they could have modified PGP to copy your secret key and grab your
pass phrase.

It is not considered proper to send his updated key to a key server
yourself unless he has given you explicit permission to do so. After
all, he may not wish to have his key appear on a public server.  By
the same token, you should expect that any key that you give out will
probably find its way onto the public key servers, even if you really
didn't want it there, since anyone having your public key can upload
it.

========

6.3. Should I sign my own key?

Yes, you should sign each personal ID on your key. This will help to
prevent anyone from placing a phony address in the ID field of the key
and possibly having your mail diverted to them.  Anyone adding or
changing a user id on your key will be unable to sign the entry,
making it stand out like a sore thumb since all of the other entries
are signed.  Do this even if you are the only person signing your key.
For example, my entry in the public key ring now appears as follows if
you use the "-kvv" command:

Type bits/keyID    Date       User ID
pub  1024/0353E385 1994/06/17 Jeff Licquia <jalicqui@prairienet.org>
sig       0353E385             Jeff Licquia <jalicqui@prairienet.org>

========

6.4.  Should I sign X's key?

Signing someone's key is your indication to the world that you believe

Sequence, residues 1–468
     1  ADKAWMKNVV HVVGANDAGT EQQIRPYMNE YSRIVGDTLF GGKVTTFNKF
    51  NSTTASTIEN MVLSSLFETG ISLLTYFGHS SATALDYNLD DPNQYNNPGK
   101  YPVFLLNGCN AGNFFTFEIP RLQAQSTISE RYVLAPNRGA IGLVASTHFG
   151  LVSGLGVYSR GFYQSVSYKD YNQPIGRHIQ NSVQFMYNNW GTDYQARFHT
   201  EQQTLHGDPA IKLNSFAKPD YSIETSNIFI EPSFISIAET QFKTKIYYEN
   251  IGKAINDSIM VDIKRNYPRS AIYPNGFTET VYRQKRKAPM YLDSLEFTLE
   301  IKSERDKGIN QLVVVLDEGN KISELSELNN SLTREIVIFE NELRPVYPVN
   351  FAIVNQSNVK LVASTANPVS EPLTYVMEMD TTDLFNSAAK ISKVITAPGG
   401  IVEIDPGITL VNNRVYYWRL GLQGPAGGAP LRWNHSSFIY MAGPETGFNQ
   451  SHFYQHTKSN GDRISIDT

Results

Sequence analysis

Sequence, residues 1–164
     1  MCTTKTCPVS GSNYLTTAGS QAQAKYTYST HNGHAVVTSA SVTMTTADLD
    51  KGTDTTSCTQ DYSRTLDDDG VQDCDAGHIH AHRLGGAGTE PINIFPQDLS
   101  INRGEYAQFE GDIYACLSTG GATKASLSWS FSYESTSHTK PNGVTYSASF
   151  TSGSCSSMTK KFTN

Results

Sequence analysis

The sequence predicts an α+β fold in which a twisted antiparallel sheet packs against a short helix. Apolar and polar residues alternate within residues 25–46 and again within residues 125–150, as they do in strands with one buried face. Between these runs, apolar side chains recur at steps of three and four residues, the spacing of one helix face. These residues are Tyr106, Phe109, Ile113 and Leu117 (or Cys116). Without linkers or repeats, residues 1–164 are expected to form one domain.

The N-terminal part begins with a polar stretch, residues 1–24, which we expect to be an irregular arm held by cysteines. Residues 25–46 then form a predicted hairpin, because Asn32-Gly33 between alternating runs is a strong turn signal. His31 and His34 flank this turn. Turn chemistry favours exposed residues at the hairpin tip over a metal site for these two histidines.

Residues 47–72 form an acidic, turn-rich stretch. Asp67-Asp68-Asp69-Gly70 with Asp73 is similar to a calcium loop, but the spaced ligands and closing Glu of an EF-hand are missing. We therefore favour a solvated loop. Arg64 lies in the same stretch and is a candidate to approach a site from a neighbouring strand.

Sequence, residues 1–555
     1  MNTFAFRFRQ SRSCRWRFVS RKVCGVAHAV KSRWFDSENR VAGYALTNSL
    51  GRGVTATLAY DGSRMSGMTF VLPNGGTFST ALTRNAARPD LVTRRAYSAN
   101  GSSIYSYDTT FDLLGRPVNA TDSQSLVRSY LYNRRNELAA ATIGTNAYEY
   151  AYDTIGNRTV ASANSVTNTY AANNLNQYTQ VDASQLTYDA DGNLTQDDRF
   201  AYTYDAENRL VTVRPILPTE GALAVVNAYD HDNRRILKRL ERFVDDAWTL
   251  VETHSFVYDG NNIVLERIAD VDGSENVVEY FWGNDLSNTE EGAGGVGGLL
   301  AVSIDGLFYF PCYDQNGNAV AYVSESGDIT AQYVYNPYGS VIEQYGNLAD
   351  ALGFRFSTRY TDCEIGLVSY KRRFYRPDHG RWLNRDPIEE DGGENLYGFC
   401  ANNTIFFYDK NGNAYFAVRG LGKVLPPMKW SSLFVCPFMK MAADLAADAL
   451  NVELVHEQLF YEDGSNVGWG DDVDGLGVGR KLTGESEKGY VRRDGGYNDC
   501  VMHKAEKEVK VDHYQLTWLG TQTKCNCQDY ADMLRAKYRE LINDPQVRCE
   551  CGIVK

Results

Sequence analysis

that key to rightfully belong to that person, and that person is who
he purports to be.  Other people may rely on your signature to decide
whether or not a key is valid, so you should not sign capriciously.

Some countries require respected professionals such as doctors or
engineers to endorse passport photographs as proof of identity for a
passport application - you should consider signing someone's key in
the same light. Alternatively, when you come to sign someone's key,
ask yourself if you would be prepared to swear in a court of law as to
that person's identity.

Remember that signing a person's key says nothing about whether you
actually like or trust that person or approve of his/her actions.
It's just like someone pointing to someone else at a party and saying,
"Yeah, that's Joe Blow over there."  Joe Blow may be an ax murderer;
you don't become tainted with his crime just because you can pick him
out of a crowd.

========

6.5. How do I verify someone's identity?

It all depends on how well you know them.  Relatives, friends and
colleagues are easy.  People you meet at conventions or key-signing
sessions require some proof like a driver's license or credit card.

========

6.6. How do I know someone hasn't sent me a bogus key to sign?

It is very easy for someone to generate a key with a false ID and send
e-mail with fraudulent headers, or for a node which routes the e-mail
to you to substitute a different key.  Finger servers are harder to
tamper with, but not impossible.  The problem is that while public key
exchange does not require a secure channel (eavesdropping is not a
problem) it does require a tamper-proof channel (key-substitution is a
problem).